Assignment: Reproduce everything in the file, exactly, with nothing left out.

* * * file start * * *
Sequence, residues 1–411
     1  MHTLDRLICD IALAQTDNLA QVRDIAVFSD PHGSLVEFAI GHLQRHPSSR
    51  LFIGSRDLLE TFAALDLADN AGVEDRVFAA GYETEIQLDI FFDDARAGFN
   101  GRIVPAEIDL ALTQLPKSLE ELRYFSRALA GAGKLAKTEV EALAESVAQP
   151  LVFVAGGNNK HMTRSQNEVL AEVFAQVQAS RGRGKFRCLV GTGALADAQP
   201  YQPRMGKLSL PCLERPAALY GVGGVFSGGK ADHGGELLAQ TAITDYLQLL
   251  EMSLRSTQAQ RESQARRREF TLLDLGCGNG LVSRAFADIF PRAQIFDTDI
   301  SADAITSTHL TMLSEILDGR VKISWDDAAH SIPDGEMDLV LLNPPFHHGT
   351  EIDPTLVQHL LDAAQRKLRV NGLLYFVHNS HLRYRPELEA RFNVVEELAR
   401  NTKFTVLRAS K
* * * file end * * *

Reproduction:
Sequence, residues 1–411
     1  MHTLDRLICD IALAQTDNLA QVRDIAVFSD PHGSLVEFAI GHLQRHPSSR
    51  LFIGSRDLLE TFAALDLADN AGVEDRVFAA GYETEIQLDI FFDDARAGFN
   101  GRIVPAEIDL ALTQLPKSLE ELRYFSRALA GAGKLAKTEV EALAESVAQP
   151  LVFVAGGNNK HMTRSQNEVL AEVFAQVQAS RGRGKFRCLV GTGALADAQP
   201  YQPRMGKLSL PCLERPAALY GVGGVFSGGK ADHGGELLAQ TAITDYLQLL
   251  EMSLRSTQAQ RESQARRREF TLLDLGCGNG LVSRAFADIF PRAQIFDTDI
   301  SADAITSTHL TMLSEILDGR VKISWDDAAH SIPDGEMDLV LLNPPFHHGT
   351  EIDPTLVQHL LDAAQRKLRV NGLLYFVHNS HLRYRPELEA RFNVVEELAR
   401  NTKFTVLRAS K